The 1999 Ford Mustang Chassis and Engines
"New Edge" good looks were easy on the eyes, but potential buyers also wanted to know what was going on under the hood of the 1999 Mustang models.
Improved handling and refinement were the goals of chassis engineers under Paul Giltinan. Side rails were fully boxed, with insulating foam in the rocker-panel areas. Better floorpan sealing also helped lessen road noise. Convertibles gained underbody "rail extenders" designed to reduce structural shudder.
For agility, rear track on all models was widened by 1.4 inches (thus equaling the front dimension), and a 1.5-inch higher transmission tunnel allowed a little more upward wheel travel. Smaller-diameter antiroll bars and retuned shock absorbers were specified to improve ride compliance with no harm to handling despite adoption of firmer springs. GTs switched from variable- to linear-rate coils for the same reasons.
Steering was revised with less boost, better on-center feel, and a useful three-foot tighter turning circle. The front disc brakes gained aluminum twin-piston calipers saving 10 pounds apiece in unneeded unsprung weight. New pad material and a larger master cylinder provided more positive braking feel with less pedal effort.
Powertrain engineers under Bill Koche focused on pumping up power. The 3.8-liter pushrod V-6 with "split-port induction" received new cylinder heads, a freer-breathing intake manifold with two runners for each cylinder, high-tech piston coatings that reduced friction, and new aluminum main and thrust bearings.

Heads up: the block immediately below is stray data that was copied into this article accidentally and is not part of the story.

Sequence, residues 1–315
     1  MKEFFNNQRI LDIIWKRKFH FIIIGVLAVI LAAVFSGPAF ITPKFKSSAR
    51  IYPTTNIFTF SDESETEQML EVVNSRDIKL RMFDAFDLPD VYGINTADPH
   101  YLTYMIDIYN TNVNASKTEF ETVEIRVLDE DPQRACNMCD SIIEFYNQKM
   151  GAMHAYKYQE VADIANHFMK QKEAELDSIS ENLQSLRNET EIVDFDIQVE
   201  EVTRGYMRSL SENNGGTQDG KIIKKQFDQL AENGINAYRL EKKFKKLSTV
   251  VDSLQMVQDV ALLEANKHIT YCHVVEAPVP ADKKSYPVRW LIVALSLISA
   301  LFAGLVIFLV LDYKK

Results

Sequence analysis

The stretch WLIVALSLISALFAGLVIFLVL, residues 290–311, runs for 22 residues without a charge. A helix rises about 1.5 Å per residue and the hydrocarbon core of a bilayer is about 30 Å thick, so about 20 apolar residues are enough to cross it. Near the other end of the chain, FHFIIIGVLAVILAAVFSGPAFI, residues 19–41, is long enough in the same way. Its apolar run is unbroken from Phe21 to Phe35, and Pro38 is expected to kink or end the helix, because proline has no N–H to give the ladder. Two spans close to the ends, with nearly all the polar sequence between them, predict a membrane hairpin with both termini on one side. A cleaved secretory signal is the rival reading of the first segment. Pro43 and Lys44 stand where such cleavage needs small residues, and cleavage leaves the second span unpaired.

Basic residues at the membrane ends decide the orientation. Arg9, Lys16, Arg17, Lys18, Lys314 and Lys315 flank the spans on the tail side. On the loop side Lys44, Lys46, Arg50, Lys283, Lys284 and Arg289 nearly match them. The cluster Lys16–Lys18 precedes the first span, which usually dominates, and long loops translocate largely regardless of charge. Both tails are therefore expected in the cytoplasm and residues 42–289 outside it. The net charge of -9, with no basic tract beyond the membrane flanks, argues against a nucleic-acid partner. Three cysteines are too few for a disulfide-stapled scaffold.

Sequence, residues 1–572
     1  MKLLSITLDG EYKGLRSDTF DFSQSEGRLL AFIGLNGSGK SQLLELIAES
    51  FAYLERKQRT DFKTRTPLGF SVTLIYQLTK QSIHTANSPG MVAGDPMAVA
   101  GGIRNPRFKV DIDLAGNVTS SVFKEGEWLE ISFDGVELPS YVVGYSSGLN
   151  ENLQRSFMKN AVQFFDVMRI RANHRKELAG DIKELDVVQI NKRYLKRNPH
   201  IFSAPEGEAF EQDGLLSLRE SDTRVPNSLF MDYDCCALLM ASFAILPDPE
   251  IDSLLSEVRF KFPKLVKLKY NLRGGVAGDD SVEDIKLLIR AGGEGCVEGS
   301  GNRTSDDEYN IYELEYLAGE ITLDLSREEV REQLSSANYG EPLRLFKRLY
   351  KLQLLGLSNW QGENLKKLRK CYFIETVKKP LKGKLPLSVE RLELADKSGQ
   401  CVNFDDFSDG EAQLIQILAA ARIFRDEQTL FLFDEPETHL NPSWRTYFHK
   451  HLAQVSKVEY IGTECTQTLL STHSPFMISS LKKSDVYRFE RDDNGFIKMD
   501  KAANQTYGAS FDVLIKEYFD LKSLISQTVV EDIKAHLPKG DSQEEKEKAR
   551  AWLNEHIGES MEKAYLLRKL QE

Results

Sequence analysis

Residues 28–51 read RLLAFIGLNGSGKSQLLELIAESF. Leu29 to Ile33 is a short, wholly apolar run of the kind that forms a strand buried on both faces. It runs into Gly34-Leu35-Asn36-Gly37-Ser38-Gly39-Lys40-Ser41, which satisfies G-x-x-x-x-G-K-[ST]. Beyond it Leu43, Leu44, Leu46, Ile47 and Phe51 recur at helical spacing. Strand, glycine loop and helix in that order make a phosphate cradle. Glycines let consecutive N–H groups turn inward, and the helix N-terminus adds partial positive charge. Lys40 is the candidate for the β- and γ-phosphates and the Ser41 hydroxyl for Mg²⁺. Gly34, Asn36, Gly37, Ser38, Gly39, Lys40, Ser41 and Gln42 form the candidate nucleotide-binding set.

The 3.8's horsepower jumped by 40 to 190, torque by five pound-feet to 215. A new contra-rotating "balancer" shaft did nothing for performance but did dampen second-order vibrations for smoother running.
Improvements were no less extensive for the GT's 4.6-liter single-cam V-8: bigger valves, reshaped combustion chambers, a new higher-lift longer-duration camshaft, straighter manifold runners for better airflow, and improved crankshaft, conrod, and thrust bearings. Horsepower here expanded by 35 to 250, torque by 10 lb-ft to 302. In addition, the former 3.27:1 "performance" axle was now standard for both engines, improving off-the-line snap.
As before, an antilock brake system (ABS) was standard for GTs and optional on base models ($500). An extra $230 bought the additional "active safety" of traction control, Mustang's first. Spearheaded by chief project engineer Janine Bay, this used the ABS wheel-speed sensors to detect wheel slippage. In the event, system electronics would retard spark and reduce throttle opening until traction was restored (wheel speeds equalized).
At higher road speeds (up to 62 mph), the traction-control system could also brake either rear wheel as needed, hence the advertising moniker "all-speed traction control." A dashboard "off" switch enabled drivers to let it literally all hang out when conditions, and skill, allowed.
Mustang fans were happy to greet the '99 Mustang SVT Cobra a few months after the rest of the Mustang lineup debuted. Keep reading to learn about the SVT Cobra's special touches, including Mustang's first independent rear suspension (IRS).
Want to find out even more about the Mustang legacy? Follow these links to learn all about the original pony car:
- Saddle up for the complete story of America's best-loved sporty car. How the Ford Mustang Works chronicles the legend from its inception in the early 1960s to today's all-new Mustang.
- It's hard to imagine Ford actually considered putting the Mustang out to pasture instead of producing a 1994 model. Learn how Mustang came back from the brink in 1994-1998 Ford Mustang.
- The 2005 Mustang's shape was ordained by a superstar stylist with a European pedigree. Learn how the original pony car was reborn in 2005 Ford Mustang.
- For a full report on the 2007 Ford Mustang, check out Consumer Guide New Car Reviews. Here you'll find road test results, photos, specifications, and prices for hundreds of cars, trucks, minivans, and SUVs.